What triggered the following thoughts on the strengths and limitations of science —a favorite topic, I admit— was the outpouring of criticisms in response to a tweet by @jmgmoron highlighting the dietary habits of tennis superstar Novak Djokovic. The criticisms primarily centered around a perceived lack of scientific evidence supporting Djokovic’s dietary choices.
To provide some context, Novak Djokovic famously overcame the health problems that plagued his early career by changing his diet, primarily by eliminating gluten. According to Novak himself, this change was instrumental in catapulting his performance and helping him become the most prolific player in tennis history (number of Grand Slams, Masters titles, weeks as number 1, etc). He then went on to publish a book titled “Serve to Win”, documenting his experience and inviting people to open-mindedly experiment with their diet to discover what works best for them.
So, here we have on the one side the testimony of a single person who claims that his diet helped him reach levels of physical and mental performance never before seen in tennis, and on the other, a large number of people, including professional nutrition researchers, eager to dismiss all these claims in order to protect people from any advice that lacks scientific evidence.
Why were so many people fired up by this tweet? Why are most of the responses, including those from scientists, so emotionally charged?
Who grants the authority and the confidence to question, or even ridicule, the credibility of one of the greatest athletes of all time in any sport?
But of course, the answer is SCIENCE
Science is the new religion, so powerful and authoritative that it can burn at the stake even the best of the best.
And before I piss off and lose half the readers, let me acknowledge that science is the best tool we have to reduce uncertainty about the world and about ourselves. The scientific method is undoubtedly the pinnacle of human achievement that has allowed us to understand how nature works and to use this knowledge to our ends.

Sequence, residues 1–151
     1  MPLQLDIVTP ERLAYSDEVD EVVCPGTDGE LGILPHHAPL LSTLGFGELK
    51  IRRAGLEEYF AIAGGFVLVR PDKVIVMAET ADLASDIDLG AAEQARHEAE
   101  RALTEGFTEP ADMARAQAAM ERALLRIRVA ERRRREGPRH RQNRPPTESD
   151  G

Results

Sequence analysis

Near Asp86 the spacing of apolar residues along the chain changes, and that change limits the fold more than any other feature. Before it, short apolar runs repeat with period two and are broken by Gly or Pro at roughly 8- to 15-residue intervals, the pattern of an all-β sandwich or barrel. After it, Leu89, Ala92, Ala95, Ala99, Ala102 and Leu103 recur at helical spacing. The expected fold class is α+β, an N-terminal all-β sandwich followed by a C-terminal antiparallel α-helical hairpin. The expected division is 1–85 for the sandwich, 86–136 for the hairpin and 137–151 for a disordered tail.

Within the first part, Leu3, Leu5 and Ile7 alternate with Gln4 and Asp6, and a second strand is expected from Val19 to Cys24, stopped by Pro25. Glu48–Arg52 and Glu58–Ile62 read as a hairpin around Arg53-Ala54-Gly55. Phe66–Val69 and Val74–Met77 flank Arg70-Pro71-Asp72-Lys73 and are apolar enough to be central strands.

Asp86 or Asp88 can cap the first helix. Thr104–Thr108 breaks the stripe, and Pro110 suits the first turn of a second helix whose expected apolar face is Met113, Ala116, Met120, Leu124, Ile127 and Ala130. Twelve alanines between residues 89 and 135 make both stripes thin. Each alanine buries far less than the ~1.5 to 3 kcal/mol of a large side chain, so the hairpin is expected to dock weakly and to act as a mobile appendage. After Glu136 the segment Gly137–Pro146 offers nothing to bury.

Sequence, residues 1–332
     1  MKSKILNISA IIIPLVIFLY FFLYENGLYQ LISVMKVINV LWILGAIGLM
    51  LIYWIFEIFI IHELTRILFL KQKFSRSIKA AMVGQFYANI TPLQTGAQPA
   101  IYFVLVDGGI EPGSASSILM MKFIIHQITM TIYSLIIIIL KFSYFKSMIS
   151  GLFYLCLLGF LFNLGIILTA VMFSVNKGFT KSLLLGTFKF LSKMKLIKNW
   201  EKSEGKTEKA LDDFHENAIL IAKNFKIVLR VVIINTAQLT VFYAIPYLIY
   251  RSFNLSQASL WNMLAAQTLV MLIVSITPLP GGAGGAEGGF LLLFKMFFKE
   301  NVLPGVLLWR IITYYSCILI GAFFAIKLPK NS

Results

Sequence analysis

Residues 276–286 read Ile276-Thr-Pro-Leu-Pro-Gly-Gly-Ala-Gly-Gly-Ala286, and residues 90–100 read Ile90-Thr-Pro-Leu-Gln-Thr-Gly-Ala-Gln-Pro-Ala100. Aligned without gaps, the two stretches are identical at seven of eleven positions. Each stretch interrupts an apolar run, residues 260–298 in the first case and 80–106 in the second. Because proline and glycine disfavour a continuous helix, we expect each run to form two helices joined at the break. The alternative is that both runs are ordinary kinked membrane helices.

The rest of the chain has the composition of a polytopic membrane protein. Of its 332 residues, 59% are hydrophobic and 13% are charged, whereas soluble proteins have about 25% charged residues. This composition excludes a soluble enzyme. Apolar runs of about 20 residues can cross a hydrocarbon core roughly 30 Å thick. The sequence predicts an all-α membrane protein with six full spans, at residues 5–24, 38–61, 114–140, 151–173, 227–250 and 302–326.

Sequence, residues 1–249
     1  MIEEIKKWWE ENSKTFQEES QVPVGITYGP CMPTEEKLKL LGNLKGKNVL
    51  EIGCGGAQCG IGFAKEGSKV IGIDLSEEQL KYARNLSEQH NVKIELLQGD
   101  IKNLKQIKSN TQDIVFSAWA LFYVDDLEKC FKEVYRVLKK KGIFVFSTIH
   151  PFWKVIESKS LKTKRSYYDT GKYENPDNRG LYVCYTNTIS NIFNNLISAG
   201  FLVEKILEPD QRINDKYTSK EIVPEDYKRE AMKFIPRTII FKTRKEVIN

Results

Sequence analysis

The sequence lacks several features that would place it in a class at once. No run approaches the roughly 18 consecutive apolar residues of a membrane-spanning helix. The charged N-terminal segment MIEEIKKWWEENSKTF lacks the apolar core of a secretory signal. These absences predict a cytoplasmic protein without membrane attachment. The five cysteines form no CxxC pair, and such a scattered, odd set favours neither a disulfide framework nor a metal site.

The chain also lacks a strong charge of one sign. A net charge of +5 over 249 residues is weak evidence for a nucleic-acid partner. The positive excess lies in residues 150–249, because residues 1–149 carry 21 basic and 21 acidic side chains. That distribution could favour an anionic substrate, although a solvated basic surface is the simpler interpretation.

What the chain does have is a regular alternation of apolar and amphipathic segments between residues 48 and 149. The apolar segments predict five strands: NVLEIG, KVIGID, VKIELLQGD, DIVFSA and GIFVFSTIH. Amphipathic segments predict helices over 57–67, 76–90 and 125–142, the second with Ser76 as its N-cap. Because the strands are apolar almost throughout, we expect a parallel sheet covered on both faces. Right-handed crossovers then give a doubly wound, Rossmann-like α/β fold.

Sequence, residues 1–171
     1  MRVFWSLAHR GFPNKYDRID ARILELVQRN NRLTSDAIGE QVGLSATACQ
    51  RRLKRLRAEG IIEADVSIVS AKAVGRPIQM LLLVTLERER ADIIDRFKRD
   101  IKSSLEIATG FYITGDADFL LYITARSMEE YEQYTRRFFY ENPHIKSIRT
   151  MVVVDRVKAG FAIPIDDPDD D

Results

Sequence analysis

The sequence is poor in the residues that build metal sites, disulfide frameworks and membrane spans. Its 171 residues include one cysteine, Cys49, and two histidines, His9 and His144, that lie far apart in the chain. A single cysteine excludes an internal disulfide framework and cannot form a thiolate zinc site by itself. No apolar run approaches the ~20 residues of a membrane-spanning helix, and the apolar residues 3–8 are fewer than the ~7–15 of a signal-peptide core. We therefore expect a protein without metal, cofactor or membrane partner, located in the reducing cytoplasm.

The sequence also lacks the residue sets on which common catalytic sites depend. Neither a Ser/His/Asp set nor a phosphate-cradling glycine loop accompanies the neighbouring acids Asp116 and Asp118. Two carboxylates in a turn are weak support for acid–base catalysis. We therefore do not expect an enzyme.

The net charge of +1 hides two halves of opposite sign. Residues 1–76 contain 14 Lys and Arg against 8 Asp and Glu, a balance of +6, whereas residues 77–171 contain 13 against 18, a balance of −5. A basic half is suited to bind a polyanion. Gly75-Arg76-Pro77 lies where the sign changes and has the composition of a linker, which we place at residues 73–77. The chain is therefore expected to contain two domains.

So, if Science claims that eating food X will or will not have or not have the effect Y on your health or performance, it must be correct, right?
Here is exactly where most people, even professional scientists, get it wrong.
How do scientists arrive at the conclusion that food X does or does not have an effect Y? Of course, there are methods to test the effects of different substances down to the molecular level, but in these cases it is impossible to know with certainty what will happen in real life when a particular person consumes the substance in question. This is because each chemical can evoke multiple responses in different cells and organs depending on a multitude of other parameters that are impossible to identify, let alone control. We all know this from drugs and their side effects. There is no scientist or doctor who can assure you 100% that taking a particular drug will only have the desired effect without any unexpected consequences. The same is true, of course, with foods and their multiple ingredients.
Much of the scientific evidence, however, comes from studies involving rather large numbers of people who are, at best, randomly divided into two groups, one taking the substance or food and the other not taking it. After a period of time, the two groups are compared in terms of the effect being tested. These tests are statistical in nature and their results can be crudely summarized —and are summarized by the media and science communicators— as a yes or no answer. There either is or is not a specific effect of ingesting substance X.